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Walk. Along a footpath. Down a road. Beside a railway track. See your city then - and now - through their eyes and yours. Historic Columbia invites you to retrace our shared past through our series of online tours, self-guided walking tours and wayside exhibits.
Historic Columbia is always looking to update our tours with new images and stories - do you have something to share?
On the second Sunday of each month, join us for a guided walking tour of a different neighborhood in Columbia. See the schedule for Second Sunday Strolls.
Since its creation in 1786, Columbia has featured a large African American population whose labor, skills, and vision have been integral in the city’s physical, spiritual, and social evolution. During the course of four centuries the city’s black community transformed itself from that of a predominately enslaved population to a society whose members overcame the restrictions of Jim Crow and charted the course of the Civil Rights era. The story of this journey remains today within the home places, work places, and resting places of Columbia’s African American community. Download a pdf of the Home Places, Work Places, Resting Places: African American Heritage Sites Tour brochure.
Named for the military academy established here in 1842, Arsenal Hill rests within the northwest section of Columbia's original two-mile-by-two-mile city limits. Traditionally, this 30-block area has been bounded by Upper (today Elmwood Avenue), Assembly, Taylor, and Huger streets. As the highest point within the capital city's downtown, with impressive vistas to the south and west, Arsenal Hill became a desirable residential area for white elites during the antebellum era and then for middle- and working-class African Americans during the later 19th and 20th centuries. Combined with this residential development soon after came industrial, commercial, spiritual, educational, and governmental institutions, all of which have resulted in an eclectic mix of architecture and community histories. Start Tour
Drawing its name from the cash crop that South Carolina extensively farmed during the 19th and early 20th centuries, Cottontown is among a handful of early Columbia suburbs established over a century ago. Today, the narrow district is bounded on the west by North Main Street, the north by Grace Avenue, the east by Bull Street, and the south by Elmwood Avenue. In its earliest years, this area lay immediately outside the original city limits and housed significant numbers of cotton warehouses. For several decades, beginning in the late 19th century, Cottontown was renamed Bellevue, perhaps in the hope of drawing greater numbers of new residents. Listed in the National Register of Historic Places as the “Bellevue Historic District” in 1997, Cottontown features a remarkable concentration of residences representative of early 20th-century suburbanization. Start Tour
Lying south of Gervais, west of King, north of Santee, and east of Harden streets, Lower Waverly is considered by many residents as both an extension of Historic Waverly, which lies to its north, and a distinct community whose development followed that of its elder neighbor. Initially a racially mixed neighborhood until the mid-20th century when white citizens left for the suburbs, Lower Waverly became home to professional and working-class African Americans who established their own largely self-contained and self-sustained community. Following integration and urban renewal, the neighborhood's character changed as many businesses closed and scores of owner-occupied residences became rental properties. Featuring a blend of architectural styles and benefiting from amenities such as a city park and proximity to Five Points, Lower Waverly is a community whose citizens are committed to ensuring their future through an appreciation of their past. Start Tour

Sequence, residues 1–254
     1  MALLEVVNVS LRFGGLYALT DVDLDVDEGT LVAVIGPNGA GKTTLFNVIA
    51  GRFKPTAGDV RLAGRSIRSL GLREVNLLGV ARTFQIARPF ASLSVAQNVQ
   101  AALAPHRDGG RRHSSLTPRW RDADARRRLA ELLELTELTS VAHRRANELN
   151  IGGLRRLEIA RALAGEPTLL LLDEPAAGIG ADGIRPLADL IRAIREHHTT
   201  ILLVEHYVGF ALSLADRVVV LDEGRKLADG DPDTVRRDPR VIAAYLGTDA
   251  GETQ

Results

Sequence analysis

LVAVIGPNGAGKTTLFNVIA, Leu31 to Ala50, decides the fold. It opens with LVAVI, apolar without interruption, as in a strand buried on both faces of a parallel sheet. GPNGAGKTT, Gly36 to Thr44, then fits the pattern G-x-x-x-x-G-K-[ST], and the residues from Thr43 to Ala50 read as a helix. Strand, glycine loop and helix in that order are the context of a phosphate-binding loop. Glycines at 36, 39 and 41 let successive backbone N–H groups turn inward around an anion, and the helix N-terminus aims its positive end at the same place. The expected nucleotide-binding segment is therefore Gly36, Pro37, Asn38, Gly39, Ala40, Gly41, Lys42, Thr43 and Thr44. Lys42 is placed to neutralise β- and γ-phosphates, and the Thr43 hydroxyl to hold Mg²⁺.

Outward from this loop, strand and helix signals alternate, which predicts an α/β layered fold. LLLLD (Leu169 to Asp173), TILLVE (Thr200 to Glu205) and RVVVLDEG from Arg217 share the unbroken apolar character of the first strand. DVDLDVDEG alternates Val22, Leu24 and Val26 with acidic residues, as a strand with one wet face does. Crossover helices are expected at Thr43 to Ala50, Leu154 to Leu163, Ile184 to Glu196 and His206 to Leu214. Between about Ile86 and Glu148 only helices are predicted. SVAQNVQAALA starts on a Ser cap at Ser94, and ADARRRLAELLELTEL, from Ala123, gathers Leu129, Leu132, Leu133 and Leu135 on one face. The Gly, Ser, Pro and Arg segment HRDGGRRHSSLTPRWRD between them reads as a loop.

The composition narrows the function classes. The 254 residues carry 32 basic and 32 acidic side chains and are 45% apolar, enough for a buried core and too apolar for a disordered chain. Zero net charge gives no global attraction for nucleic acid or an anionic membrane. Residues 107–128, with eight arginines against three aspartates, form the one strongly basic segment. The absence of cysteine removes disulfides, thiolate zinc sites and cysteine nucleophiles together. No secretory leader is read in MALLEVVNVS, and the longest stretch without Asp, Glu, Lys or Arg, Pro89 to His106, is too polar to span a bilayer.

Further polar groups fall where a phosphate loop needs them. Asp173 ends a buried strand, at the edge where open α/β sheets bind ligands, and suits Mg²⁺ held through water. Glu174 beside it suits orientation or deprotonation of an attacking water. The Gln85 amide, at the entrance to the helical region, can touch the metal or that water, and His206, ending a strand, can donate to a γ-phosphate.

Columbia's "Old Shandon" neighborhood is comprised of most of the land that constituted the original suburb of Shandon, as it was laid out in 1893. In their 1895 map of Columbia and its suburbs, city engineers Niernsee & LaMotte indicated Shandon's original boundaries as Woodrow, Wheat, and Harden streets and Carolina Avenue (now Santee Avenue). Today's Old Shandon area covers those blocks of the suburb that lay northeast of Devine Street, in addition to the area southeast of Woodrow Street that became Maple Street. Start Tour
Bordered on the south by Rosewood, the north by Wales Garden and Wheeler Hill, the east by Shandon, and the west by the University of South Carolina athletic fields, the Hollywood-Rose Hill neighborhood today is noted for its architectural heritage, the diversity and involvement of its residents, and its proximity to downtown attractions and important services. Start Tour
Columbia’s “Heathwood” neighborhood derives its name from Moses Chappell Heath, who established this community east of the city in the early 20th century. Initially bounded to the north by Heatherwood, the east by Kawana, the south by Garners Ferry Road, and the west by Albion, today Heathwood is a name associated with land developed by both Heath, beginning in 1914, and his son-in-law Burwell Deas Manning, Sr., starting about 1940. Successive generations of original families remain in this tight-knit community of architecturally distinct residences with mature landscapes. Start Tour
11:00 AM - 6:00 PM
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